About Apple Shutting Down the iTunes Music Store in a Couple of Years…

…yeah, no. Not gonna happen. At least not anytime soon.

This goofy story has roots in a report from Digital Music News:

Apple is now preparing to completely terminate music download offerings on the iTunes Store, with an aggressive, two-year termination timetable actively being considered and gaining favor.  According to sources to Digital Music News with close and active business relationships with Apple, discussions are now focused “not on if, but when” music downloads should be retired for good.

The story then talks about a 3-4 year timeline. So which is it? Two years or four?

The answer is “neither.”

Apple took the nearly unprecedented step of sending out a real human being to deny all this. Apple never comments on rumors. I quote:

“Not true,” said Apple rep Tom Neumayr.

Neumayr wouldn’t expand on that comment, except to make it clear that he was responding to both timelines proposed in today’s story from Digital Music News.

While streaming is going to one day be more profitable to Apple than selling downloads, iTunes is still the biggest music retailer in the world with revenues of more than $2 billion. People still buy a lot of downloads.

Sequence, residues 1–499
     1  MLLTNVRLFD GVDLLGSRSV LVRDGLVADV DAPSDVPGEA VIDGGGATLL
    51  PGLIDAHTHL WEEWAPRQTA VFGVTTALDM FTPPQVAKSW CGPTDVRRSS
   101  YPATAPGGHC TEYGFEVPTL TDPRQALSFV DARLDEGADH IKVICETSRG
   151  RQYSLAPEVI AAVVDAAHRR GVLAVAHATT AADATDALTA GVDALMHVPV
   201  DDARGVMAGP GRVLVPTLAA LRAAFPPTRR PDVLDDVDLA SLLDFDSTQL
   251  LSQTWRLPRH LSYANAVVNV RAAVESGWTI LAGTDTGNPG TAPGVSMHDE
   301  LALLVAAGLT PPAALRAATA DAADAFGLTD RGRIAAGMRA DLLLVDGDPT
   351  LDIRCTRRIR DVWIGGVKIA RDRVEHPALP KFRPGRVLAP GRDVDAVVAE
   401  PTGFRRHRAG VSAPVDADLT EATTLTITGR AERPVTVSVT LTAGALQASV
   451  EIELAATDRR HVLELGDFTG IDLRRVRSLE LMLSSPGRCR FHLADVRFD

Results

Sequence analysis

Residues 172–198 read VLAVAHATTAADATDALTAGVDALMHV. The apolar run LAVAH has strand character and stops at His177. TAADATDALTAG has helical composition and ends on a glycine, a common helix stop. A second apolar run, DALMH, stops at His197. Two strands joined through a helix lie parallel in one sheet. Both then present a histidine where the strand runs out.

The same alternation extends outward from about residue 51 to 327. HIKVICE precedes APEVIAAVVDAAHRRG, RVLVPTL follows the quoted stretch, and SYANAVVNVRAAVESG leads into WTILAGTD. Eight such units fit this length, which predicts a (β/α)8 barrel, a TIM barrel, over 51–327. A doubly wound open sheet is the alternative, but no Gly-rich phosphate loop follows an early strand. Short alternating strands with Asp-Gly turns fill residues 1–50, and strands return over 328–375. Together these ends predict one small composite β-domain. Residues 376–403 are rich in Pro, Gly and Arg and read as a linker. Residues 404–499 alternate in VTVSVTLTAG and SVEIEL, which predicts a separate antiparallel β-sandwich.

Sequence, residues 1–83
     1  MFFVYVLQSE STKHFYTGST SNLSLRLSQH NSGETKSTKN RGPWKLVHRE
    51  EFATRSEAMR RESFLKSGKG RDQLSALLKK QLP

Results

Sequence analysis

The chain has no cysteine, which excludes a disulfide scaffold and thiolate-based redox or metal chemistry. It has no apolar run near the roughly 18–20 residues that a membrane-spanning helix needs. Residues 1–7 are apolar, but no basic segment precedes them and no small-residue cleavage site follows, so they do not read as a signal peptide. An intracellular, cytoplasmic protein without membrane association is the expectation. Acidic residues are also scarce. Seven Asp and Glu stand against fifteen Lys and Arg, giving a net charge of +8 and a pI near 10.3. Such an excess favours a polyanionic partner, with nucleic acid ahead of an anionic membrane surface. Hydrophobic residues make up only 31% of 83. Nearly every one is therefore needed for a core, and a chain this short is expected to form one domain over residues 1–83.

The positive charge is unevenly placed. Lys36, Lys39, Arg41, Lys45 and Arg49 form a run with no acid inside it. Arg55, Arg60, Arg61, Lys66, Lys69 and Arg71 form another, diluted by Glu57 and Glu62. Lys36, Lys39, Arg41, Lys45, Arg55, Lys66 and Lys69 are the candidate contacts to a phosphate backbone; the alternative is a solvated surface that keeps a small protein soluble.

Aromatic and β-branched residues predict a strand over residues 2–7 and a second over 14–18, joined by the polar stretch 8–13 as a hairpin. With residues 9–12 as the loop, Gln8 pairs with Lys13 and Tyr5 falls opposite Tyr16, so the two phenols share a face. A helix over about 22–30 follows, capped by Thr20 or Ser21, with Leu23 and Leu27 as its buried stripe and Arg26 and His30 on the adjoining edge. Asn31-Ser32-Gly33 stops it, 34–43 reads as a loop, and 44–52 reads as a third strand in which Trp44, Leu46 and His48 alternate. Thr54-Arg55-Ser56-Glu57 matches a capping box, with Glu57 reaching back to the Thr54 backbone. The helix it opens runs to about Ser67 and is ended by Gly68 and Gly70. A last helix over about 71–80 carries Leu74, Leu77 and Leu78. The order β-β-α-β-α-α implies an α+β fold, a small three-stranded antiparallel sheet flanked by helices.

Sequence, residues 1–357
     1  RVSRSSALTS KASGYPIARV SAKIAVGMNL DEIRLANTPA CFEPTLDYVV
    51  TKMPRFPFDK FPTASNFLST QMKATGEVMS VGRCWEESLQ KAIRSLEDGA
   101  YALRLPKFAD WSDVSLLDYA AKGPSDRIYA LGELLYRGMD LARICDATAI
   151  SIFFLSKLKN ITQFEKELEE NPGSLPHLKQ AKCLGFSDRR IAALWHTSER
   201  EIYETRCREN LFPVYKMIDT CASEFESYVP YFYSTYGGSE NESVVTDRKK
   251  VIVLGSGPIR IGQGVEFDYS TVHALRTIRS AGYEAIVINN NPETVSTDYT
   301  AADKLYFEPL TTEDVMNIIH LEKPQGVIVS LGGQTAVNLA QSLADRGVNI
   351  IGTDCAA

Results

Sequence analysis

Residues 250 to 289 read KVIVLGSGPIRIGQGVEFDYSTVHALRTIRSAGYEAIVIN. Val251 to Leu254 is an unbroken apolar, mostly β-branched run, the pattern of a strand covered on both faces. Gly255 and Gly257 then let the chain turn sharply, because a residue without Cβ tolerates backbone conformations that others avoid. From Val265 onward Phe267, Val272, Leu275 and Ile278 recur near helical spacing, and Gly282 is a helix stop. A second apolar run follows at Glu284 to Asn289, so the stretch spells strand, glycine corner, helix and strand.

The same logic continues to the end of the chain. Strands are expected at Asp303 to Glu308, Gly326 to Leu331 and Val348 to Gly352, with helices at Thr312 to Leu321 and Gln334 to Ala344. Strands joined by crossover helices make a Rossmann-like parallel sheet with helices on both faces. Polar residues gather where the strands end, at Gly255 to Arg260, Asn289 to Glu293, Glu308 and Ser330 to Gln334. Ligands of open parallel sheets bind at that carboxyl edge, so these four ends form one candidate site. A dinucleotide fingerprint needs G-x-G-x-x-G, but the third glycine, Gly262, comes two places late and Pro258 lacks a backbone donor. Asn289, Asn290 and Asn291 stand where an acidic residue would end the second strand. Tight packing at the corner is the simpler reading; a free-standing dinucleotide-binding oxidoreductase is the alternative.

Two billion is a drop in the bucket for Apple to be sure and download sales have seen a steady decline for some time, but the iTunes Music Store is still hugely important to the music industry–too important to let it disappear. We’ll eventually move away from downloads, but they’ll be with us for a long, long time yet.

 

Alan Cross

is an internationally known broadcaster, interviewer, writer, consultant, blogger and speaker. In his 30+ years in the music business, Alan has interviewed the biggest names in rock, from David Bowie and U2 to Pearl Jam and the Foo Fighters. He’s also known as a musicologist and documentarian through programs like The Ongoing History of New Music.

One thought on “About Apple Shutting Down the iTunes Music Store in a Couple of Years…

  • May 13, 2016 at 10:59 am
    Permalink

    also, people still buy CDs and records. no format that has gained an actual foothold truly disappears (well, maybe except for the ones that are truly ‘bridge’ technologies like cassettes). I may have said this in another comment, but some of us literally CANNOT use streaming services at times – I spend the bulk of my “headphones on” time traveling in a metal tube through an underground tunnel that does get any service (otherwise known as the NYC subway). So I continue to download podcasts/music/etc. when at home or work, and then I don’t have to think about whether I’m connected at all.

    And while you can pry my grandfathered unlimited data plan out of my cold, dead hands, more and more companies have forced customers into capped data plans, which are anathema to streaming services.

    Some segment of the population will always want to “buy” music – whether it’s on downloads or a physical format.

    Reply

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